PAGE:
To close our underground series, we look at the crucial principles of an underground inventory. Underground inspections are necessary for asset owners, who must know the current conditions of their facilities. Although underground systems can seem unfamiliar and foreign, the reality of their condition is easily identifiable to trained and prepared auditors.A routine inspection of each underground space is important for maintenance and safety. It benefits all parties involved, from asset owners to occupants, contractors and inventory personnel. Above all, regular inspections keep spaces organized and safe. Further, every State has environmental regulatory practices that must be adhered to. Regular audits ensure those regulations are met.
Truly credible auditors not only identity violations, trespass, and damage, but also track and report updates in real-time. When a hazardous condition is found, asset owners need the ability to quickly access information.
Here are five key principles for a successful underground inventory:
2. CommunicationInformation during an inspection must be relayed back to owners as quickly as possible. Good communication between key stakeholders is essential.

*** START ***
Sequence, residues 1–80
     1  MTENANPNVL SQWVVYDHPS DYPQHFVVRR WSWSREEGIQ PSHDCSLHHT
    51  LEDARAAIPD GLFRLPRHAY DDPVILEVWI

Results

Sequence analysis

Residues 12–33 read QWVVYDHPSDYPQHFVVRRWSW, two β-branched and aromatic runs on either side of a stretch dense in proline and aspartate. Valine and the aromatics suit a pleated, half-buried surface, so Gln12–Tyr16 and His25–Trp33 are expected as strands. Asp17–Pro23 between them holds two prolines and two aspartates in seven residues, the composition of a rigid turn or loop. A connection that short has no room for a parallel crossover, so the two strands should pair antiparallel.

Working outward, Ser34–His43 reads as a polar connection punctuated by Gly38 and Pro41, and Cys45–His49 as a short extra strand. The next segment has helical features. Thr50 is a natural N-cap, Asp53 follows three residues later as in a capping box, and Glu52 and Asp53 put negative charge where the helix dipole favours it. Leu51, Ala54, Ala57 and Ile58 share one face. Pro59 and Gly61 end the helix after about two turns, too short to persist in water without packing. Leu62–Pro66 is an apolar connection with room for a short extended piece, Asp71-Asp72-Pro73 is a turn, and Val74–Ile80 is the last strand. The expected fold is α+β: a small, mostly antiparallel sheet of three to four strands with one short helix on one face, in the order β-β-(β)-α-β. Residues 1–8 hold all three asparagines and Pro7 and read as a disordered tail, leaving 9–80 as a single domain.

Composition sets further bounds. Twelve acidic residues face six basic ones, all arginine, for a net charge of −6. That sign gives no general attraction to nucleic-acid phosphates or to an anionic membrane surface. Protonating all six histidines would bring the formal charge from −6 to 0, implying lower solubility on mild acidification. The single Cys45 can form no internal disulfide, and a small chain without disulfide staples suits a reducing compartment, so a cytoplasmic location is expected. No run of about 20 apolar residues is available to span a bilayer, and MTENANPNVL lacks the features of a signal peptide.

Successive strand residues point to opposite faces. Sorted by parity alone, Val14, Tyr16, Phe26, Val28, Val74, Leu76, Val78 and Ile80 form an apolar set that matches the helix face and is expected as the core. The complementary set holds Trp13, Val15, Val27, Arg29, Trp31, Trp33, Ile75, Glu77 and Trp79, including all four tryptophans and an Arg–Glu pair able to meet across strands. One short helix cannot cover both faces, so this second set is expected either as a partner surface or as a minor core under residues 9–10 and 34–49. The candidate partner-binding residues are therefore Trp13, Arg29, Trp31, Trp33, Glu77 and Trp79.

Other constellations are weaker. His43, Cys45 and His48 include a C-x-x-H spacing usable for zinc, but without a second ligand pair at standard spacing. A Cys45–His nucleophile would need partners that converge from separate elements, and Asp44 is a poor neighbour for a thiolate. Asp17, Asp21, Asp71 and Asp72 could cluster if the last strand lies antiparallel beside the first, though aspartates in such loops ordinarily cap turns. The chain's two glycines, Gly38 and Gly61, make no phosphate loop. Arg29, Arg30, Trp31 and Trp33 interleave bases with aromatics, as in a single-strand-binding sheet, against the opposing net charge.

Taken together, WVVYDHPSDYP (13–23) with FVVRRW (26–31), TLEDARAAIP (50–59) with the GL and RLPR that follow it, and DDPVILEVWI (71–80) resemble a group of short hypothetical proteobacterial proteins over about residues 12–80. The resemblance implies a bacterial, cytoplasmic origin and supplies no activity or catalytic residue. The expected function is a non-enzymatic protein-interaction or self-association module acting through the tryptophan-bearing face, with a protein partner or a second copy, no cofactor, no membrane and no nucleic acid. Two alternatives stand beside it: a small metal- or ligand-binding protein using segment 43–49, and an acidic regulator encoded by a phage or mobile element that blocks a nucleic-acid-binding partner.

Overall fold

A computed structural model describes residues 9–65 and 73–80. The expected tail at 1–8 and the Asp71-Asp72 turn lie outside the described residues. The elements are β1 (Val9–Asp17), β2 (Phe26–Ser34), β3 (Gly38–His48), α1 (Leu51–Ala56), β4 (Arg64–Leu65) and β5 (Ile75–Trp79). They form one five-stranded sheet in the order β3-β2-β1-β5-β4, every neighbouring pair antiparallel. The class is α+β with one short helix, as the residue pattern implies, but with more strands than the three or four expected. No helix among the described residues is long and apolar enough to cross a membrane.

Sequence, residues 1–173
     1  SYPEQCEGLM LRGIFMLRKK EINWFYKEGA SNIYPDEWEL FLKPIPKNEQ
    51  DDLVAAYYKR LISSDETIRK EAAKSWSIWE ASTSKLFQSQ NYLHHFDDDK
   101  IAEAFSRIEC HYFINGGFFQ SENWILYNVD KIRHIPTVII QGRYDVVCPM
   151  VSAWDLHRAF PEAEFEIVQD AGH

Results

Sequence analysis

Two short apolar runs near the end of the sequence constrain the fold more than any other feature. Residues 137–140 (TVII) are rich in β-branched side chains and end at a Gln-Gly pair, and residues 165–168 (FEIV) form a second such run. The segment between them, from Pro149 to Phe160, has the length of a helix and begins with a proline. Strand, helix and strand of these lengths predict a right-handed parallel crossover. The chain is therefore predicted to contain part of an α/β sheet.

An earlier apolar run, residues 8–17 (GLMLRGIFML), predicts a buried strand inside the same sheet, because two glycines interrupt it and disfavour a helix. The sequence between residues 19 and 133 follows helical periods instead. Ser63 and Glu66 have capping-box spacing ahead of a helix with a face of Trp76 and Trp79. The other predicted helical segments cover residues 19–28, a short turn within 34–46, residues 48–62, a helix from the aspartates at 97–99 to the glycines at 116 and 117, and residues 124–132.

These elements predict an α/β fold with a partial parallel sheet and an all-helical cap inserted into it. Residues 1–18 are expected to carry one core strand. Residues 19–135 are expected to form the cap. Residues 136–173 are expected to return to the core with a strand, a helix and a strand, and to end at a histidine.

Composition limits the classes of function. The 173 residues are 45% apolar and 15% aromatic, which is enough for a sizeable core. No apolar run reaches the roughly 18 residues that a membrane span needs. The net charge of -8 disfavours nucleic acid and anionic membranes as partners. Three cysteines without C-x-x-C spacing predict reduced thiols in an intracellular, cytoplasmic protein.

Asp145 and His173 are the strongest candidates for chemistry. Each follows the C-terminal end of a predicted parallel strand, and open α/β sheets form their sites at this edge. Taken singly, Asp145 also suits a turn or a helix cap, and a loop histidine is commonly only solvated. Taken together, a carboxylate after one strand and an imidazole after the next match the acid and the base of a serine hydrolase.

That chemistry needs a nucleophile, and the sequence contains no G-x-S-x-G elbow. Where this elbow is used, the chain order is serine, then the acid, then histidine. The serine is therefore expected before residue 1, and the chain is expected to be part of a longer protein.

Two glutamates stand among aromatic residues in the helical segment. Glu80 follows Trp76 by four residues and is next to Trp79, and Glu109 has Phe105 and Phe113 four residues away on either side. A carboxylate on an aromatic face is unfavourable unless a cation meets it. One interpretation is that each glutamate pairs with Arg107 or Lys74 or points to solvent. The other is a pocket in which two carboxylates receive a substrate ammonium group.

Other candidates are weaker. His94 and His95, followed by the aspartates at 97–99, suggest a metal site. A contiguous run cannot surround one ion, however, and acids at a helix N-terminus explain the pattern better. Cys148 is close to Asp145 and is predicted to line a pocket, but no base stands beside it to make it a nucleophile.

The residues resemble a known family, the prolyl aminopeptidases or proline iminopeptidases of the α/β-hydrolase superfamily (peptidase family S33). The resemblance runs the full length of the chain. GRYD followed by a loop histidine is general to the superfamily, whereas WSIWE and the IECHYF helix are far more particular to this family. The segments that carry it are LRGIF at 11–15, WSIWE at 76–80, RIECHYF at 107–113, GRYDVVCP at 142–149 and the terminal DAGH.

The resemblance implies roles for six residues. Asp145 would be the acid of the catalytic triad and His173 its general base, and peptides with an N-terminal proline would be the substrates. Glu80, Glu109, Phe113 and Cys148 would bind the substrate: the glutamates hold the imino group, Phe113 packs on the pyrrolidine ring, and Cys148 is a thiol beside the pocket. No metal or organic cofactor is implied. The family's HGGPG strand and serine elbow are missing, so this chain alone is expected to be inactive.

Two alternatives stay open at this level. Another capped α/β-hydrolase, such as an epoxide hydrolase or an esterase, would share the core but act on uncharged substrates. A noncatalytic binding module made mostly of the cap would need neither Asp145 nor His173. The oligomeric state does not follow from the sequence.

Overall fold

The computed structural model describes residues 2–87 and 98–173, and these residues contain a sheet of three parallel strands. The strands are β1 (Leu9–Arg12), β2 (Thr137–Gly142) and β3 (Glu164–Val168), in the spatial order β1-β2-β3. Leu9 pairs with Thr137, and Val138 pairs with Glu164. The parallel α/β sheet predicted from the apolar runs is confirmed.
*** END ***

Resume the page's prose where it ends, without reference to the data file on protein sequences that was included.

Owners of the space need to know:
- GPS location for each asset
- Photographs of each space
- Photographs of any damage, violation, or trespass
- Relevant notes about the audit
The ability to track and store asset attributes with visibility requires a program dedicated specifically to managing those assets. Pairing managed auditing services with an application such as a centralized, shared asset database helps drive better business decisions. An organized inventory is most successful in a one-stop-shop data management system that collects and creates reports, and sends real-time updates to assist with planning cost-effective actions to deploy equipment.
Unfortunately, damage and trespass are common in underground spaces everywhere. Taking regular inventory of underground assets is vital to revenue growth, customer satisfaction, and company-wide longevity.
Keeping track of the following factors can increase profit, while maintaining or gaining competitive advantage: where occupants are located in your system; which occupants are permitted in your system; and which occupants and contractors are adhering to safety regulations and construction best-practices.